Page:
As was shown earlier, in the horizontal management structure, the heads of production units of the lower level are almost equally competent in matters of production and assessment of the status of their units (Will, Al-Kfairy, & Mellor, 2019). They can also justify the need for additional resources only if there are serious arguments that significantly affect the timing and quality of the implementation of the planned tasks. At the same time, the biased need for increasing the time for developing plans or making operational decisions is reduced, which reduces the iterative procedure by eliminating line managers. The number of management levels is reduced, which increases the flexibility of the organizational structure as a whole (Will, Al-Kfairy, & Mellor, 2019). This approach also reduces the cost of maintenance and, therefore, promotes the economic growth and efficiency of the enterprise (Neis, Pereira, & Maccari, 2017). The problems related to the management of the technical and economic parameters of production do not depend on the type of organizational structure (Will, Al-Kfairy, & Mellor, 2019). However, such issues are solved more quickly by reducing the number of levels of administration, which improves the quality of corporate management.

There is a significant relationship between the features of the approach used to build the organizational structure of management and the increasing complexity of management processes in the company (Cristóbal, Fernández, & Diaz, 2018). An increase in the complexity of management processes may adversely affect critical management functions. One such example is the planning capacity of the organization (Neis, Pereira, & Maccari, 2017). The development of a well-balanced plan that optimally distributes work across departments is an essential factor when it comes to the efficient use of resources. Therefore, it also ensures the effectiveness of the enterprise as a whole. Integrating concepts from the horizontal structure into the current hierarchical design may help achieve such favorable results. Flexibility is beneficial is this fast-changing world, and strictly adhering to the hierarchical model may serve as an impediment.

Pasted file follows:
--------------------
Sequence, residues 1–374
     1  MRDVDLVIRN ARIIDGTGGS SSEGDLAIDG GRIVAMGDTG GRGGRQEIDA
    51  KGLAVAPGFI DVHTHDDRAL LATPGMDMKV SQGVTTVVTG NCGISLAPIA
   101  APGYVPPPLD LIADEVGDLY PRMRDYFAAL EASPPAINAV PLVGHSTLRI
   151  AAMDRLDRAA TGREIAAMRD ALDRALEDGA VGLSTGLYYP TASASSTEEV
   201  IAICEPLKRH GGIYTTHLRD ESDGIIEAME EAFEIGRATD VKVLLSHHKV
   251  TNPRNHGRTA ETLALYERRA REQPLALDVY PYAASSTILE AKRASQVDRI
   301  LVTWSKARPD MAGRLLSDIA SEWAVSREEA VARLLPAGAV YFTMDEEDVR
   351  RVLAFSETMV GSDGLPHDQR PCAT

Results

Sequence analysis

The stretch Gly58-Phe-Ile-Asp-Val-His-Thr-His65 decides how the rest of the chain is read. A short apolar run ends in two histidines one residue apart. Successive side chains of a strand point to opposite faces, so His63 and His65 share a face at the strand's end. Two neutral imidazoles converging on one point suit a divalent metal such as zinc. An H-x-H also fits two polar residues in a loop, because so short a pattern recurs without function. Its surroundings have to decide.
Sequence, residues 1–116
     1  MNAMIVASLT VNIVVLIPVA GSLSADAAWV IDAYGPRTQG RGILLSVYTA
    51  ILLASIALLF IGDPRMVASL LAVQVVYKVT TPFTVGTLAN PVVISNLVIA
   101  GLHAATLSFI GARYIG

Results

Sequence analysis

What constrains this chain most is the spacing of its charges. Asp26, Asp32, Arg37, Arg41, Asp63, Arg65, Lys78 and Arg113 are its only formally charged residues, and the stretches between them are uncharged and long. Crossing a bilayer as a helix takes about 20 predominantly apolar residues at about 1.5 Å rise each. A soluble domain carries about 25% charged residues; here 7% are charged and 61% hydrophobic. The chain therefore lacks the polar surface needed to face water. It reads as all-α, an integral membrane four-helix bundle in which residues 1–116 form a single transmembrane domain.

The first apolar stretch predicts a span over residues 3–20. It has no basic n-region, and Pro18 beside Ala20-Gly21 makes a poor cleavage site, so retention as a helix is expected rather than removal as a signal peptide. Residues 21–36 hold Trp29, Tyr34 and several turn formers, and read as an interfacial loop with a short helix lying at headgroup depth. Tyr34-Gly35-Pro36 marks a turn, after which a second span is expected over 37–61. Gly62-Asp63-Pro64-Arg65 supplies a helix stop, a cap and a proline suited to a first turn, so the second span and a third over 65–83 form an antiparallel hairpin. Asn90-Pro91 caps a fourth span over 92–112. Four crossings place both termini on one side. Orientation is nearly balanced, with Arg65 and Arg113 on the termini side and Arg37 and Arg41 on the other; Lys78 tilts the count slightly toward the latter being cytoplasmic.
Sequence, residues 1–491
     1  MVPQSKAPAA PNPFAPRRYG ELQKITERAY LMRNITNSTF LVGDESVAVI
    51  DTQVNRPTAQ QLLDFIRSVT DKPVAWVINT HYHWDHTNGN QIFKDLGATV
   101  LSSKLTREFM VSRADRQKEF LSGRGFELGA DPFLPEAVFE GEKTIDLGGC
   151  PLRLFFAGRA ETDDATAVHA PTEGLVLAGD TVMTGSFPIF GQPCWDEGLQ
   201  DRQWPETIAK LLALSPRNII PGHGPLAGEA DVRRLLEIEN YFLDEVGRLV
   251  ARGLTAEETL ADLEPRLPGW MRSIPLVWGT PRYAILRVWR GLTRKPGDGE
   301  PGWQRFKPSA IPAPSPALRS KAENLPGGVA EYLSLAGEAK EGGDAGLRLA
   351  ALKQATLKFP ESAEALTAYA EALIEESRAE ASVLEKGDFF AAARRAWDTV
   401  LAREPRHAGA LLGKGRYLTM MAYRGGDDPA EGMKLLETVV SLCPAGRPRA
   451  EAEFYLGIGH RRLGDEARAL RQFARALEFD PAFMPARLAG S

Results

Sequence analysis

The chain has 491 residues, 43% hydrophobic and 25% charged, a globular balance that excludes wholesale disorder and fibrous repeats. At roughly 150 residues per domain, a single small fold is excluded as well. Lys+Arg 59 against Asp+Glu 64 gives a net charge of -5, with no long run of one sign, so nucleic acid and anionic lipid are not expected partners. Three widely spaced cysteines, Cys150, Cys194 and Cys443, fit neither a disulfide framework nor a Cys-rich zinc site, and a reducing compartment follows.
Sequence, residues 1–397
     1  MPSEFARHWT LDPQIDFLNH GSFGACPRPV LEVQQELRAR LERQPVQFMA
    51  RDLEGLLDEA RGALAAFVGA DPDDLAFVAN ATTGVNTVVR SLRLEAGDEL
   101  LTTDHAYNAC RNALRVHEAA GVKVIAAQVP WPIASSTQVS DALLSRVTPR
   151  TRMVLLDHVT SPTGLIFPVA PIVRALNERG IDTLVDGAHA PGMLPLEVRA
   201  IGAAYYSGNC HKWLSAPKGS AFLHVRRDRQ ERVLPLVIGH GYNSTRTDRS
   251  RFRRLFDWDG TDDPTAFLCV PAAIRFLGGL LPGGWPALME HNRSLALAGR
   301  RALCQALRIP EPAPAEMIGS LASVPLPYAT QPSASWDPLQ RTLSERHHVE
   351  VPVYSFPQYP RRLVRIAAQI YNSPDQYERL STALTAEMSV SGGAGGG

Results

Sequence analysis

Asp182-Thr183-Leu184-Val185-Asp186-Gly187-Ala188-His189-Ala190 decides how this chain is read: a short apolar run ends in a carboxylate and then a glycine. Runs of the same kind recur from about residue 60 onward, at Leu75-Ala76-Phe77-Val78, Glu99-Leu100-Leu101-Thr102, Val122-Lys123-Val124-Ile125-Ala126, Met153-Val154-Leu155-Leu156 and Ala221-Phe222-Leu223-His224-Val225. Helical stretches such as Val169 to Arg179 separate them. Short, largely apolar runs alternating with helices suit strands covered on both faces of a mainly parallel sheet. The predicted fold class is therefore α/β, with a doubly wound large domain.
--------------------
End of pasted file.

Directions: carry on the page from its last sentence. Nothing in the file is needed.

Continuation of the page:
Introducing Flexibility Only When Needed

In contemporary business circumstances, firms are often involved in several types of activities. This diversification allows companies to abandon the area of ​​venture that is currently uncompetitive at any time (Will, Al-Kfairy, & Mellor, 2019). Therefore, there is a need for a transition to more flexible structures that could relatively quickly change their shape, adapt to new conditions (Cristóbal, Fernández, & Diaz, 2018). As a rule, such arrangements are formed on a temporary basis, for the period of implementation of a particular solution or achievement of a certain goal (Will, Al-Kfairy, & Mellor, 2019). An example of a flexible structure is matrix organizational design.